Brotherhood of St Andrew Commission on Racial Reconciliation Vision Statement
Because racism works against our baptismal call to love others in the power of the spirit and to strive for justice and peace among all people, The Brotherhood of St Andrew hereby seeks to heal this chronic illness in our faith community through education, developing greater awareness of its existence in our ongoing spiritual formation. We will use prayer, intentional action, continued dialogue and the sharing of our personal and collective stories to help in facilitating the healing, transformation and reconciliation that will make it possible for us to truly see the face of God in all others.
Rationale For Vision Statement:
The recent events across our country make it clear that a new conversation on race is much needed and they should be enough to silence anyone who wants to argue that such conversation is no longer needed. While most of us wish that we could move on to some of the other many social challenges facing us, race continues to be the text and the subtext of almost every other social challenge before us and will not allow us to put it aside.
Racism is an issue that has to be faced in a straightforward and courageous manner and what better place for this work to occur than in the Brotherhood Of St Andrew, where we all share a commitment to someone larger than ourselves who can help us find the courage to travel on the road to racial healing and reconciliation.
We as Brothers Andrew, representing the Anglican Episcopal Men’s Ministry, condemn the racism, xenophobia, misogyny, and violence that we have witnessed across our country, particularly, against our Asian American Pacific Island (AAPI) brothers and sisters.
In our baptismal covenant, we pledge to respect the dignity of every human being. Each of us has the power to make a positive, constructive difference in the lives of others, and a responsibility to speak up in the face of bigotry and oppression. We therefore stand united in deploring the “othering” of any of God’s children.
There is no longer Jew or Greek, there is no longer slave or free, there is no longer male and female; for all of you are one in Christ Jesus.” (Gal 3:28)
Webinar from the 2021 Triennial Convention
Racial Reconciliation Resources
The links below include racial reconciliation/anti-racism training organizations and resources known to have been used by those in The Episcopal Church for developing and delivering training.
Becoming Beloved Community represents not so much a set of programs as a journey, a set of interrelated commitments around which Episcopalians may organize our many efforts to respond to racial injustice and grow a community of reconcilers, justice-makers, and healers.
The Absalom Jones Center for Racial Healing, founded by Dr. Catherine Meeks, provides programs and resources to promote racial reconciliation.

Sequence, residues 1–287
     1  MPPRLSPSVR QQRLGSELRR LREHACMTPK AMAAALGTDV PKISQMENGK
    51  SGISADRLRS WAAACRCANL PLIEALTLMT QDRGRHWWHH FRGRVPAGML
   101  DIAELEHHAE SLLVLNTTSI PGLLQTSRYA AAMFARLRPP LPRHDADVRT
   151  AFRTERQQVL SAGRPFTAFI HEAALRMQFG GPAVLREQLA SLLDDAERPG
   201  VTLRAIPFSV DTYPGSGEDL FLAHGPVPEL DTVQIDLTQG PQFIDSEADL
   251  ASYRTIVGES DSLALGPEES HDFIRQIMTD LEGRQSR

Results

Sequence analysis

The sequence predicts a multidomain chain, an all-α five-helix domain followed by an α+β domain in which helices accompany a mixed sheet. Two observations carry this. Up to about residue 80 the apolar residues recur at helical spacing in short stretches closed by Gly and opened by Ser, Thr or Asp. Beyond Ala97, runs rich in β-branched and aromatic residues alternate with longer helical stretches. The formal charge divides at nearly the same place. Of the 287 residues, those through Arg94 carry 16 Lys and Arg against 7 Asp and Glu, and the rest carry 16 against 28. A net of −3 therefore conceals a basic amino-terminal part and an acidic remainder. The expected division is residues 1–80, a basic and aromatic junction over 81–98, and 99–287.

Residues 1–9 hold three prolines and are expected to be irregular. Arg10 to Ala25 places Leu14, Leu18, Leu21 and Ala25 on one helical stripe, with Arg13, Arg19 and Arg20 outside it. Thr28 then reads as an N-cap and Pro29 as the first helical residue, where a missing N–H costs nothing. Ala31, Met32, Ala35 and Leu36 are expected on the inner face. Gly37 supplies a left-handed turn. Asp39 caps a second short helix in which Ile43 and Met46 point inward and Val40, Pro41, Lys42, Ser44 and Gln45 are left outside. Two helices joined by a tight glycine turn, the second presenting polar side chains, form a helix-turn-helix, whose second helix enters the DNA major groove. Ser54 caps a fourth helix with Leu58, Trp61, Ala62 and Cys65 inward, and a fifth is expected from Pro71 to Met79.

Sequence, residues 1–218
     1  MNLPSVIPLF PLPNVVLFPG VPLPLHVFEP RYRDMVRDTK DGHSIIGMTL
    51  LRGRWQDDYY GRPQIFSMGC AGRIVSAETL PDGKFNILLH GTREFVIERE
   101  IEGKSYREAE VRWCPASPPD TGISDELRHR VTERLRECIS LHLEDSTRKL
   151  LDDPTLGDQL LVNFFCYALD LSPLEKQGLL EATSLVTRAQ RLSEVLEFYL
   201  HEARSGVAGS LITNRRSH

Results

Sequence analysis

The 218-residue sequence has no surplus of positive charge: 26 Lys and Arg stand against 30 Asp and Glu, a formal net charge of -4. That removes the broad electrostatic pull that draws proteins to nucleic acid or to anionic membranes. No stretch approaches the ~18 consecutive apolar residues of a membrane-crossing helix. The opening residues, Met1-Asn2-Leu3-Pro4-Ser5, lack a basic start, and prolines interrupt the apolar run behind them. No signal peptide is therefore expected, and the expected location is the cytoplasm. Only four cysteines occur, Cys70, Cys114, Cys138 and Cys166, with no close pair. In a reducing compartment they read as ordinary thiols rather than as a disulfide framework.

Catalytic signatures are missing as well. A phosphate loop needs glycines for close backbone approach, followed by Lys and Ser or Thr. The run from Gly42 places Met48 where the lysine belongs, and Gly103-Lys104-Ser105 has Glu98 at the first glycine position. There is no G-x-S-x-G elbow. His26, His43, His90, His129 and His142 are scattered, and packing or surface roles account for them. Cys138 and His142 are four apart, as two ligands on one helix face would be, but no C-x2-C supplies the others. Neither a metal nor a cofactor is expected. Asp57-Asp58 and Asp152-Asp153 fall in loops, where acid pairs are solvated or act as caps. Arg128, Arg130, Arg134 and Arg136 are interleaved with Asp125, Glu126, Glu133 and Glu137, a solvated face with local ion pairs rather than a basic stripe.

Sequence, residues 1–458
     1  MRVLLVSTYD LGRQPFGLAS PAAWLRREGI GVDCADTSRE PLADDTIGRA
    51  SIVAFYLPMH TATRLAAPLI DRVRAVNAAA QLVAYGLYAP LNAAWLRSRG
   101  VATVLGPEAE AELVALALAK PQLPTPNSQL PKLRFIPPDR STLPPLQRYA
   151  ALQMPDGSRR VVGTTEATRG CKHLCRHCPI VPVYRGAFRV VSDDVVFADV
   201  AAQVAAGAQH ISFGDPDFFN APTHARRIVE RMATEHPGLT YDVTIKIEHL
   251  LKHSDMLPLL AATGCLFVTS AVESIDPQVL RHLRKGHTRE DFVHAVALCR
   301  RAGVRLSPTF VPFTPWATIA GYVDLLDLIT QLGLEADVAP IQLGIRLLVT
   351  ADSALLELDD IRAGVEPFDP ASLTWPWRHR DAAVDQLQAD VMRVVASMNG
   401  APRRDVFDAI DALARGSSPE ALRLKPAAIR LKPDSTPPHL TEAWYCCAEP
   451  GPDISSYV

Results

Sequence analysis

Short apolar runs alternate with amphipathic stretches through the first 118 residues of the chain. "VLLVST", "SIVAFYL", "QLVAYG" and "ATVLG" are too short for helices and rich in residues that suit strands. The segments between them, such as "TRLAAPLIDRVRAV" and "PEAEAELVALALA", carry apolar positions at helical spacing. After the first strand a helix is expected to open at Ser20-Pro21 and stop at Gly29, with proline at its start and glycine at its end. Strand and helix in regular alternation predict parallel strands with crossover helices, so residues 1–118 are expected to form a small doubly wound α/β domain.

Recognizing that racism goes beyond personal prejudice, Crossroads offers a distinctive Power Analysis of how racism functions in institutions, and offers tools to create antiracist transformation.
“Sacred Ground” is a Film-Based Dialogue Series on Race & Faith created by Episcopal Church staff led by film director Katrina Brown. This set of videos and workbooks can be used to facilitate conversations on racism and reconciliation.
Developed by staff of The Episcopal Church in the early 2000s, this curriculum focuses on anti-racism and can be used to develop customized training to be supplemented with content that follows the Anti-Racism/Reconciliation Framework described above.
Reconciliation is a collaborative process. The Center for Reconciliation at Duke Divinity works to collaborate both locally and globally by stimulating a growing network of reconciliation scholars and practitioners as well as offering robust resources for reconciliation.
The Kaleidoscope Institute provides resources to equip church leaders to create sustainable churches and communities. It’s training programs incorporate concepts defined by the Framework.
The People’s Institute for Survival and Beyond focuses on understanding what racism is, where it comes from, how it functions, why it persists and how it can be undone.
Our vision is to be a catalyst for a more equitable world where differences are valued and used for the benefit of all.
Emmanuel Acho sits down with police officers from the Petaluma Police Department in Petaluma, CA. They discuss polarizing topics like defunding the police, Black Lives Matter, and accountability in the police force surrounding the tragic deaths of black civilians. This is not a conversation you want to skip!
Hosted by the Ethnic Ministries Circles of Color, this panel discussion facilitated by the Rev. Terry Kyllo during the 2020 Diocesan Convention featured members of the Circles of Color sharing their experiences pain and perseverance in the Diocese of Olympia and the wider Episcopal Church.
The Episcopal Diocese of New Jersey Anti-Racism Ministry invites you to participate in 20 hours of virtual Anti-Racism Training streamed to your computer, tablet or mobile phone. During the last year, the response to the Diocese’s Online Anti-Racism Training has been astounding, but there is still much work to be done.The training takes a historical approach to help participants understand systemic racism and empower them to confront and organize against racism, inequality, and injustice. Lecture and discussion topics include “What is Race?”, “Systemic Racism and White Privilege,” “Internalized Racism,” “The Role of the Church,” “Settler Colonialism,” “Racism in Immigration and Naturalization Legislation,” and “The Prison Industrial Complex.” The course takes place over four Friday evenings, with a follow up session on October 15th. Registration is open until August 12th. More info contact Mary Anne Clisham at email@example.com